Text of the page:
“They cannot demonstrate in particular this radiation has caused this cancer.”
His point is that we just don’t know what exactly is going on, and therefore we should be cautious.
What effect does it have?
One reason we don’t know is that it’s very difficult to study the long-term effect of cellphone radiation on humans. Unlike, say, smoking, we’re unable to expose one group to radio frequencies, and then compare their health with the non-exposed population.
Cellphone radiation is already everywhere, plus the frequency of radiation has changed rapidly over a relatively short period of time. The way we use our phones has also changed (for example, now children are more likely to use phones than before).
That leaves studies on animals: In 1999, the US FDA asked the National Toxicology Program (NTP) to study the toxicity and cancer-causing capability of cellphone radio-frequency radiation.
This was a US$30 million undertaking. The scientists had to have special chambers built in Switzerland so they could control exactly how much radiation the animals were getting.
The draft findings came out nearly 20 years later, in 2018.
It found that several rats and mice that had been blasted with large amounts of radiofrequency electromagnetic radiation for two years exhibited tumours.
“We believe that the link between radiofrequency radiation and tumours in male rats is real, and the external experts agreed,” said NTP’s John Bucher in a statement.
But the researchers struggled to form conclusions from the study.
The rodents were exposed to much greater levels of radiation than a person would be using a mobile phone or another consumer device.
There was also no clear linear relationship between higher radiation exposure and more cancer.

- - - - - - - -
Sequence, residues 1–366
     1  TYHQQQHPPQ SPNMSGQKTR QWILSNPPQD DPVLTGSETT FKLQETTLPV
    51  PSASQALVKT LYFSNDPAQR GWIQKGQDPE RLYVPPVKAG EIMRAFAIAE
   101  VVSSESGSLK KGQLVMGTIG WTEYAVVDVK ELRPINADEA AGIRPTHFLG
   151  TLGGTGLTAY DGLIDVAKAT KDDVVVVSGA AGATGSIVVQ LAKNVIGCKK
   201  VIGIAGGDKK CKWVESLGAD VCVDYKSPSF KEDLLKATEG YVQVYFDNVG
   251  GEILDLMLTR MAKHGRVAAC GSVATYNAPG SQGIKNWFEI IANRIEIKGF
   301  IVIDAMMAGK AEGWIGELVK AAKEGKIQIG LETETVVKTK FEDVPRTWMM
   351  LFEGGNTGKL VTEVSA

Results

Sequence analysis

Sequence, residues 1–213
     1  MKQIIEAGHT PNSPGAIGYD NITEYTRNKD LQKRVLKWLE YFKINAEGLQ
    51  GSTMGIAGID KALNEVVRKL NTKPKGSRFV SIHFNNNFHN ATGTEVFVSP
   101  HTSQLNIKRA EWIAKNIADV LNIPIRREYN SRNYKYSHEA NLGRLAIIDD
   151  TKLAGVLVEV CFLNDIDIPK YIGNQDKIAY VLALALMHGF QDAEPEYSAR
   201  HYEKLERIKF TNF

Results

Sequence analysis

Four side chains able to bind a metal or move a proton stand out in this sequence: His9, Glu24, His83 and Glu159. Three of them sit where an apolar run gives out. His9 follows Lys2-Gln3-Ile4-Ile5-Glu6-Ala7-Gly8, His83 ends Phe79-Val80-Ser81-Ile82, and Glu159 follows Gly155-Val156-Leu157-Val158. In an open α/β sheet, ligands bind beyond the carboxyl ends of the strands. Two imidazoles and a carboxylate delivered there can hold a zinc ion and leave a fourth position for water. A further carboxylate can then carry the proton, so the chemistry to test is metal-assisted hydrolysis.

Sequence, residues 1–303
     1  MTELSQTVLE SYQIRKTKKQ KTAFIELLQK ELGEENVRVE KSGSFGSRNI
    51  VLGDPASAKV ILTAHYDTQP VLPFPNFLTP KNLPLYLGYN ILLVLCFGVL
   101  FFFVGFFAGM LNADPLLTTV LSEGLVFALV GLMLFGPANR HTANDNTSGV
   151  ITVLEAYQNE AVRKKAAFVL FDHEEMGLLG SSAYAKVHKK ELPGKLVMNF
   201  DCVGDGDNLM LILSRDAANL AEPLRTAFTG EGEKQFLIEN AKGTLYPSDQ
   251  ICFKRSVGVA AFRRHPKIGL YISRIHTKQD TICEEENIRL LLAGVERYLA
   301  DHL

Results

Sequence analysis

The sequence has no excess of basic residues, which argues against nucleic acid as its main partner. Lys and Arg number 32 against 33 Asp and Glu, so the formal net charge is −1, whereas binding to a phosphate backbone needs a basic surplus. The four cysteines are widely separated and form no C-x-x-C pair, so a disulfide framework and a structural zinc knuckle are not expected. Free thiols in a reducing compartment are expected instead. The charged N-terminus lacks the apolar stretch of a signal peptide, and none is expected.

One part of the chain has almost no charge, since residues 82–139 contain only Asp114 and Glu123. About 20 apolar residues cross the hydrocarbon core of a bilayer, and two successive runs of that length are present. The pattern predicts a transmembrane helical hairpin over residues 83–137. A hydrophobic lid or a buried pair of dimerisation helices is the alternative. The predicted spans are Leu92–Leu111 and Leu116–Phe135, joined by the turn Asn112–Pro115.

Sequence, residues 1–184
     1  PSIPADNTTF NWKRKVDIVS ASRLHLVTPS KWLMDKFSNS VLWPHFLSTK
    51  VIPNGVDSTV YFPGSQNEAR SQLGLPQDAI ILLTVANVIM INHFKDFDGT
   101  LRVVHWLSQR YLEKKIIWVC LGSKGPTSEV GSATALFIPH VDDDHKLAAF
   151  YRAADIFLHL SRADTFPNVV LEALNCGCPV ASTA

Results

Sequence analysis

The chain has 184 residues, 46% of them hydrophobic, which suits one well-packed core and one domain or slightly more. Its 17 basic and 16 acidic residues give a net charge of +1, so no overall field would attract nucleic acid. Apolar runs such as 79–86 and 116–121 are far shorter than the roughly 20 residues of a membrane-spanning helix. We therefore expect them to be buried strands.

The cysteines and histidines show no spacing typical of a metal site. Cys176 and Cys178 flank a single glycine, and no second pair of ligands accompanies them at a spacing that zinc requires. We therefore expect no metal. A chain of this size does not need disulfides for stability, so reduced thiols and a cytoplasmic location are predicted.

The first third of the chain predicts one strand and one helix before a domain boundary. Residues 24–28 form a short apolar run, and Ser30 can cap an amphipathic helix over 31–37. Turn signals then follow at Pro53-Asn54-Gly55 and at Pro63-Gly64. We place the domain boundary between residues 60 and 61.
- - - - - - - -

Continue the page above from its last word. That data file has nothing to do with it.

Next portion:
Also, humans absorb radiation differently to rats and mice.
Given this uncertainty, it’s a big leap to pause the technology without any evidence of ill-effects.
A huge chunk of the population has been using mobile phones for over two decades, and there hasn’t been an observed increase in cancer rates.
Professor Rodney Croft from the Australian Centre for Electromagnetic Bioeffects Research at the University of Wollongong argues we can be confident in the relative safety of non-ionising radiation.
“The reality is we know a lot about the mechanisms involved with the interactions with electromagnetic fields and the body,” he told Hack.
The only effect we see is small temperature rise.
Dr Karl Kruszelnicki – beloved triple J science communicator and qualified scientist, doctor and engineer – is also on board with this argument.
“Mobile phones have never been proven to cause cancer with 1G, 2G, 3G, or 4G, and we can be fairly confident we can find the same with 5G,” he said.
“It’s non-ionising; the bottom line is it’s never been proven to cause cancer. It might sit in your skin and warm it up, but that doesn’t cause cancer.
“It’ll warm up your skin a tiny amount, but so tiny you won’t be able to measure it.”
What’s the regulation?
Telstra, which is rolling out the technology, says its test results show electromagnetic energy levels are similar to the existing 3G and 4G networks, and well below the safety levels set by the Australian Radiation Protection and Nuclear Safety Agency (ARPANSA).
ARPANSA’s Dr Ken Karipidis, an expert on how radiation affects the human body, told Hack these limits are in line with those of other national regulatory bodies.
“There are some parts of the world that have lower limits but you’ll find they’re not scientifically based,” he said.
They may have had community pressure and they thus reduced their limits but they’re not based on any scientific evidence.
Like Professor Croft and Dr Karl, ARPANSA follows the evidence-based assumption that non-ionising radiation will only cause an increase in temperature, and cannot cause cancer.
“With radiofrequency radiation the only established health effect is that of rising temperature,” Dr Karipidis said.
“We base our standards on avoiding temperatures than can cause health effects.”
He said that, despite heightened concerns ahead of the rollout, 5G radiation is not radically different from that used by the 4G network. In fact, 5G in Australia will initially use the same frequency band as 4G, before shifting to higher frequency “millimetre waves”.
“There has been quite a bit of research done on millimetre waves,” he said.
“Radar technologies or satellites use millimetre waves so it’s not something new, it’s something we’ve had before.”